alexa Virgin and martyr.


Tropical Medicine & Surgery

Author(s): Portugal AM, Claro A

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Abstract PIP: Women still die as a result of pregnancy in Latin America. Hispanic culture and Catholicism consider motherhood to be the most honorable and gratifying role a woman can achieve. Women who do not become mothers tend to be scorned or condemned. Women who have experienced abortions face the worst possible criticism. The Catholic Church leads the way in keeping abortion illegal. In Latin America, the role model for mothers is the Virgin Mary. Underregistration of maternal deaths is the norm in Latin America. 36\% of maternal deaths take place during pregnancy; 94\% could have been prevented. Hemorrhage, complications during puerperium, preeclampsia/eclampsia, and illegal abortions comprise at least 75\% of maternal deaths in some countries (e.g., Argentina, Chile, and Venezuela). In Colombia, illegal abortions are responsible for 60\% of maternal deaths. 22-63\% of pregnant women in Latin America have anemia. Women need to rise up and question why the entire social, economic, and health systems in Latin America allow high maternal mortality to continue. The number of obstetric beds is so low that 2 mothers share 1 bed. They often suffer consequences of this overcrowding and lack of hygiene. Cuba has among the lowest maternal mortality rates in Latin America and the Caribbean because women have access to pre- and postnatal care, abortion is legal, and contraceptives are freely distributed. Attending to women who conduct illegal self-induced abortions makes up a considerable part of the health budget (e.g.,k 1 hospital in Lima, Peru, spent $US 8 million in 1980). Women's groups in Brazil are leaders in promoting women's health. Their efforts have resulted in the establishment of the Integrated Health Care for Women Program, a conference on women and reproductive rights, and discussions about sexuality through the Group for Women's Health. Women in Latin America are indeed demanding to be seen and heard.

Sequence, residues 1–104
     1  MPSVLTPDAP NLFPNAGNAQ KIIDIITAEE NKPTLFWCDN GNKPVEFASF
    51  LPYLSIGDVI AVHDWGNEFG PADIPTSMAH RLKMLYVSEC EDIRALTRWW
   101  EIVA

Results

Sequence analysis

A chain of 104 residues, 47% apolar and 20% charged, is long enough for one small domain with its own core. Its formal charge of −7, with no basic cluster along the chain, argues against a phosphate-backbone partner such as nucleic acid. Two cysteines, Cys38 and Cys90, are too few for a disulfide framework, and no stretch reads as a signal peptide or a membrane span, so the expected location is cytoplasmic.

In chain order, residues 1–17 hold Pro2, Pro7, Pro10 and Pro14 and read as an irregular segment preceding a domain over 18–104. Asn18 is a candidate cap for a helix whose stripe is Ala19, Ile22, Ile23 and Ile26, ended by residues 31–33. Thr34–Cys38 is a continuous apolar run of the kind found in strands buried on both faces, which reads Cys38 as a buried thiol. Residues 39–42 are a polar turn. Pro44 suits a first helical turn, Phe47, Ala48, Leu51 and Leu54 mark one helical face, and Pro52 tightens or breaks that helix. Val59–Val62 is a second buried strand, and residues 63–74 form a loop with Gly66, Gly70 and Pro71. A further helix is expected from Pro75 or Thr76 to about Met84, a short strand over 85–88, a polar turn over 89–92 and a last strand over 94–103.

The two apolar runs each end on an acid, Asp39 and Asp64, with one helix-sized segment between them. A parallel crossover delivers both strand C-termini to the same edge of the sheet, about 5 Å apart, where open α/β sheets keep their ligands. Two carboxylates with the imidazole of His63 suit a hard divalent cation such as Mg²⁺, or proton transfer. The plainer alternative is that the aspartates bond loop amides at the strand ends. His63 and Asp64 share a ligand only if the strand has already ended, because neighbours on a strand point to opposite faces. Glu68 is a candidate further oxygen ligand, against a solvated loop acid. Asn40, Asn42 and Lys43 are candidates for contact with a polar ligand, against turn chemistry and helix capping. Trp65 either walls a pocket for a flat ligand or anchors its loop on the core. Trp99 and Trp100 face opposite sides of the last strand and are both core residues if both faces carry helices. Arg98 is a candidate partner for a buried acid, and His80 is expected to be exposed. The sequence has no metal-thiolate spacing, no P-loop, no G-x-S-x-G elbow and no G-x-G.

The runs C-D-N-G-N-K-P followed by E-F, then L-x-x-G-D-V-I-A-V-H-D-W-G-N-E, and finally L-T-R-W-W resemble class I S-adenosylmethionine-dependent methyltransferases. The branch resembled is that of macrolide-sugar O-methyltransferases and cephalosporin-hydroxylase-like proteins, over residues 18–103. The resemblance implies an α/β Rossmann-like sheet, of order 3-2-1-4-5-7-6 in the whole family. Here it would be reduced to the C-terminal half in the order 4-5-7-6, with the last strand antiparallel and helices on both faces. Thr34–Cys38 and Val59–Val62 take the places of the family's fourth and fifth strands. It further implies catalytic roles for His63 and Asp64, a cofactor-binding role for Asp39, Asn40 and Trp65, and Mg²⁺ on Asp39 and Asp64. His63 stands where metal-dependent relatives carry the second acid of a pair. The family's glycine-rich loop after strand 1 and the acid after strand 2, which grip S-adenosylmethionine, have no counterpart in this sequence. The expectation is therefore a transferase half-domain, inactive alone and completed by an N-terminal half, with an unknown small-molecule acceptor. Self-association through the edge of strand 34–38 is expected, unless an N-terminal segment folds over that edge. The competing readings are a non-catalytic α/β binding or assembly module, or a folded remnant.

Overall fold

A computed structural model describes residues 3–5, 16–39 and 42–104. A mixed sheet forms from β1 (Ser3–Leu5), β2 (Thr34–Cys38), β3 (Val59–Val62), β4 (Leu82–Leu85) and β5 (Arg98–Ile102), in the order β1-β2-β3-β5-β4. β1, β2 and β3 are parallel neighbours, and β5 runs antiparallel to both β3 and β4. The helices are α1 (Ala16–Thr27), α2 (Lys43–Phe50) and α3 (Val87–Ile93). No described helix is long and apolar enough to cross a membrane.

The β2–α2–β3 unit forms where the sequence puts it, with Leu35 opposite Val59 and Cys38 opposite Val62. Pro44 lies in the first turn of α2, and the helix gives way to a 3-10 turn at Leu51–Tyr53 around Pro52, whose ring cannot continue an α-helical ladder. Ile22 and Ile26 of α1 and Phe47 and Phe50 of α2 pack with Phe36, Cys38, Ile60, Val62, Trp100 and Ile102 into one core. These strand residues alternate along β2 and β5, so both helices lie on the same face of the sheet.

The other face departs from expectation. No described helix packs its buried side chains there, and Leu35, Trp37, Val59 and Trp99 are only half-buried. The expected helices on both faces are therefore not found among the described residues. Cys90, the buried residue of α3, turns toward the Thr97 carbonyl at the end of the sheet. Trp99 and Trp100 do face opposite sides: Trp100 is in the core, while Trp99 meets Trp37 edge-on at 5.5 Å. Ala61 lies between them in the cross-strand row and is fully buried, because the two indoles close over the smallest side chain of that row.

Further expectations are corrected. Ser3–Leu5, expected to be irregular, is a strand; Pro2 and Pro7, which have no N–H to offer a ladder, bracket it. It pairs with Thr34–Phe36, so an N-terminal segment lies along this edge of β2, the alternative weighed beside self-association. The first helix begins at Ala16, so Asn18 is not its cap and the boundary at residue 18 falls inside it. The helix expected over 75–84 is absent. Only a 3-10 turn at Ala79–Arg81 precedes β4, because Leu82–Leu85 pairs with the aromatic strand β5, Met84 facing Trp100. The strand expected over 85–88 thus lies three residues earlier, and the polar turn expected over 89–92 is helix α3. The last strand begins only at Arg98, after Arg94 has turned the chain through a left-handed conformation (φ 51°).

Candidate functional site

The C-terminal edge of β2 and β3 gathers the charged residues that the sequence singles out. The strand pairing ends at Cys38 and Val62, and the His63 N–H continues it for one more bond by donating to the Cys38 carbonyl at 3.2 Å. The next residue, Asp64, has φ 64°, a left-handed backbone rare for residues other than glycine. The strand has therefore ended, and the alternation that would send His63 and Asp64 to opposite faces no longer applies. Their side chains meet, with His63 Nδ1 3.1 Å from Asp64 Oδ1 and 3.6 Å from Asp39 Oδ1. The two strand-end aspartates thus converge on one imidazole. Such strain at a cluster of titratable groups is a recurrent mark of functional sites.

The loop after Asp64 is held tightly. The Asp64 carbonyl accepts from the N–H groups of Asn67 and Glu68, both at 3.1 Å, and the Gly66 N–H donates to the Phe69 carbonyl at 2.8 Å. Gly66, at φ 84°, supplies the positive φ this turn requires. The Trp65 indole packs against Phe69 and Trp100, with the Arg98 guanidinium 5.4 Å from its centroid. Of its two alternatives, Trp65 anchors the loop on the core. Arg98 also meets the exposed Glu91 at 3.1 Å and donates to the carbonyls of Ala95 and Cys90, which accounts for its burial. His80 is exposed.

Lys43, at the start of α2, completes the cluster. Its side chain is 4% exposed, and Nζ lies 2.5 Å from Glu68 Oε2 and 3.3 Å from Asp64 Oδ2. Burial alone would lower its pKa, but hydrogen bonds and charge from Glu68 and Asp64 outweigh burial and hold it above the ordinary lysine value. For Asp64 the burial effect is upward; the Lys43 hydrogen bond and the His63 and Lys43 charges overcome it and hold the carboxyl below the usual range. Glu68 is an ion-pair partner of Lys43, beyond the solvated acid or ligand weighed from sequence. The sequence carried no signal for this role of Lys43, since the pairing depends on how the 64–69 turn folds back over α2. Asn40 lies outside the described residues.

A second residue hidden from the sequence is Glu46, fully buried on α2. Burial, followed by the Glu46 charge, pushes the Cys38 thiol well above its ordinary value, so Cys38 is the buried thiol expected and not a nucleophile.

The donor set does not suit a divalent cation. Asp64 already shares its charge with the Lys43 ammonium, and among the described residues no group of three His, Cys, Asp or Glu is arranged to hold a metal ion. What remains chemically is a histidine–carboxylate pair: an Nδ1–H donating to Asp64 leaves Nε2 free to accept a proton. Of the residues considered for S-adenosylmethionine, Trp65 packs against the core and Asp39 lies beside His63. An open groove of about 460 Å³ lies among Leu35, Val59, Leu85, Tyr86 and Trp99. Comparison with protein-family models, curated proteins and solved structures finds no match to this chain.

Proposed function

This article was published in Conscience and referenced in Tropical Medicine & Surgery

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